Software and Failure

As Amy and run around like silly people packing up to head back to Boulder tonight, I stumbled upon two fantastic posts on the web.  Consider this your daily reading if you read nothing else.

The first is titled Five Life-Changing Mistakes and How I Moved On by Julie Wainwright.  Julie is now the co-founder of SmartNow.com but is infamous for being the CEO of Pets.com.  Her post is personal and phenomenal.  She identifies five mistakes she made leading up to and during the simultaneous failure of Pets.com and her marriage.  She then describes – point by point – how she moved on.  The mistakes follow; you’ll need to click through to her article to see how she moved on. (Thanks Heidi).

  1. Allowed others to define me.
  2. I built my image of myself on two main supporting pillars.  When those collapsed, I did too.
  3. I stopped believing in myself.
  4. I stopped taking care of myself.
  5. Allowing my head to rule my heart.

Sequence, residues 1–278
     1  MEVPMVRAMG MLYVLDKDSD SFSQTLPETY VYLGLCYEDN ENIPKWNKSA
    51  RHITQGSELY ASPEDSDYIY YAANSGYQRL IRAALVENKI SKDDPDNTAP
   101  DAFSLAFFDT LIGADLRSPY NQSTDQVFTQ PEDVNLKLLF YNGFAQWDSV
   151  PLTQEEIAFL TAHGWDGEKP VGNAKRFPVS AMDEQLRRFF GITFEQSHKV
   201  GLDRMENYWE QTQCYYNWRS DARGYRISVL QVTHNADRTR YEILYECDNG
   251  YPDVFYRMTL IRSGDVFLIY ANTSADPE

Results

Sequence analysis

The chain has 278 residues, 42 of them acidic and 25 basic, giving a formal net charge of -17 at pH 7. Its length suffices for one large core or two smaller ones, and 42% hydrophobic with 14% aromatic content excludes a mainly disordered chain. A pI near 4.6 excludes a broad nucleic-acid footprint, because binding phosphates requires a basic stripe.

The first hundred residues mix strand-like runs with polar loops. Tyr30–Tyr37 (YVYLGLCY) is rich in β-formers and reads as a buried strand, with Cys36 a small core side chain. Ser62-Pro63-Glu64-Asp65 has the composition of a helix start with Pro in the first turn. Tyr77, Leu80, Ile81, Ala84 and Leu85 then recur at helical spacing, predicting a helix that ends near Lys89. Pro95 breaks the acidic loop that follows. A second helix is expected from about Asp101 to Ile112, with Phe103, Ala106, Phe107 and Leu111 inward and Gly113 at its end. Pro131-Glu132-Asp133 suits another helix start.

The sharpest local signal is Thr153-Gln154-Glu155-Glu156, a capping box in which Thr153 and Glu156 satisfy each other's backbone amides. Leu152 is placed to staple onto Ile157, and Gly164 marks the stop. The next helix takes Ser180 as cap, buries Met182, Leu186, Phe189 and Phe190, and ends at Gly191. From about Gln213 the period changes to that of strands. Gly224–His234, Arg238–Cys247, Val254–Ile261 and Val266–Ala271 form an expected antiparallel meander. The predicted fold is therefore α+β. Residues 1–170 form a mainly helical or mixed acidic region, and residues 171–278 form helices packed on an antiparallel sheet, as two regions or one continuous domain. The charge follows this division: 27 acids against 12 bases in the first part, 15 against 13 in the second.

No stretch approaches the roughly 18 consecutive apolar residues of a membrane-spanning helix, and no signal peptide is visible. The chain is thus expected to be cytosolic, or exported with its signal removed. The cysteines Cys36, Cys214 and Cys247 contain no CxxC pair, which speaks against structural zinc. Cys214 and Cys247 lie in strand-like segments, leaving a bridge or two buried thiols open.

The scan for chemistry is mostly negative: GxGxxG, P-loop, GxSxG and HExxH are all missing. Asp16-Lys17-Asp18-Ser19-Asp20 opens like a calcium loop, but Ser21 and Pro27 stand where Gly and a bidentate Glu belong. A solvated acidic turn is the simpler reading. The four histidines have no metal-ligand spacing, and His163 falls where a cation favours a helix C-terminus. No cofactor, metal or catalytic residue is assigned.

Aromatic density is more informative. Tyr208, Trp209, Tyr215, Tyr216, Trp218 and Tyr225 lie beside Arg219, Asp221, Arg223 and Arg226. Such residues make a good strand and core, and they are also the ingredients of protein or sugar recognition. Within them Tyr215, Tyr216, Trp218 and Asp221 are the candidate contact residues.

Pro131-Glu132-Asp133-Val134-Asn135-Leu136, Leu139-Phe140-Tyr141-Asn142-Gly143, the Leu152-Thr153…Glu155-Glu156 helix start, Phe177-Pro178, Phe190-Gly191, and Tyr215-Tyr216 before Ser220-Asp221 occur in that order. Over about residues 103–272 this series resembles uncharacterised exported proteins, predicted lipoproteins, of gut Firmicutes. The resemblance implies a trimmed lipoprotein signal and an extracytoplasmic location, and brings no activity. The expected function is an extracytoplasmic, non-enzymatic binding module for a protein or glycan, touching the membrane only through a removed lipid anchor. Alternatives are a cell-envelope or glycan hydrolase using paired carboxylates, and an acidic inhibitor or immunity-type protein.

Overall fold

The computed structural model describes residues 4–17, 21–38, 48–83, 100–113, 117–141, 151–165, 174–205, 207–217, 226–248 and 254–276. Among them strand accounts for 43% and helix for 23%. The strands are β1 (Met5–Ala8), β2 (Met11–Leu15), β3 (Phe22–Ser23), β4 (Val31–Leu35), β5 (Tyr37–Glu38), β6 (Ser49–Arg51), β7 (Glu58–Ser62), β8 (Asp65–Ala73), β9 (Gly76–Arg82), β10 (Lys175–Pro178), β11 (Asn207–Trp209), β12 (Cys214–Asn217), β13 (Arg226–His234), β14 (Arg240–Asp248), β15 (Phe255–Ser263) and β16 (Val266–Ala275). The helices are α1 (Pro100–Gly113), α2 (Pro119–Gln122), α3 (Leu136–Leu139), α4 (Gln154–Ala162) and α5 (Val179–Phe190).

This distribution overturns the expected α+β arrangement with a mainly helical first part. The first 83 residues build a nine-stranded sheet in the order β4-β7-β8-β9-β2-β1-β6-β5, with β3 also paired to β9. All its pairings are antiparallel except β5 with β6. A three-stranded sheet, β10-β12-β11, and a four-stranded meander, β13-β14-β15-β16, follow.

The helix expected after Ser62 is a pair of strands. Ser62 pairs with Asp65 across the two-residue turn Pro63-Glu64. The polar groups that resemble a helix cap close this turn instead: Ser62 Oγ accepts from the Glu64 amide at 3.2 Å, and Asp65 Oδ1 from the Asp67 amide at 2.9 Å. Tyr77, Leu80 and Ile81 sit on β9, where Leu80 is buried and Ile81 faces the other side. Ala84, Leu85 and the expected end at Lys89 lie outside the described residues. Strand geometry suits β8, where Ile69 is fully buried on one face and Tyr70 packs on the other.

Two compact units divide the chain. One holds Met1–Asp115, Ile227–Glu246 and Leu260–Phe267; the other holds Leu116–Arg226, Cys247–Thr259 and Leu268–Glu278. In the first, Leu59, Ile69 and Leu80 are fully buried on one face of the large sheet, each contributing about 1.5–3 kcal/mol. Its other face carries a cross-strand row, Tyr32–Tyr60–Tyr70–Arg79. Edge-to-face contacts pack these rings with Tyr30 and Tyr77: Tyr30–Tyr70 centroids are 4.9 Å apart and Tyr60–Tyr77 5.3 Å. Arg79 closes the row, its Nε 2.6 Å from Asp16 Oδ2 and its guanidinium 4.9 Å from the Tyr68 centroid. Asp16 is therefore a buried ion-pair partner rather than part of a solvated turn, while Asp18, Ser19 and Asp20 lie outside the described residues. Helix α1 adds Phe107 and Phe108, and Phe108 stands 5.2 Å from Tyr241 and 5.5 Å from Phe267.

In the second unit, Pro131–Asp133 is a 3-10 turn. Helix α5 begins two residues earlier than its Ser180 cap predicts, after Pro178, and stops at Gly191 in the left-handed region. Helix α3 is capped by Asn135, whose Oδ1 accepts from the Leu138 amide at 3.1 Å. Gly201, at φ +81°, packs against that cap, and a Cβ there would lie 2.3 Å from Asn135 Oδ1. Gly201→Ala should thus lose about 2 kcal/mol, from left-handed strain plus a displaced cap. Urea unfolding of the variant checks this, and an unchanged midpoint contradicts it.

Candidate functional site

The second is titled It’s the Software, Not You in the NY Times by David Pogue.  If you’ve been following along at home you know that I’ve been deeply immersed in human computer interaction (HCI) during the past year.  Pogue gives several great examples and ends with "Why do software designers want their work to appear more complex instead of less? I just don’t get why they don’t get it. So the next time you’re frustrated by software complexity, take heart; much of the time, it’s not you. It’s them. It’s designers who have something on their mind other than software intelligence."  Right on!

Both are worth reading and savoring.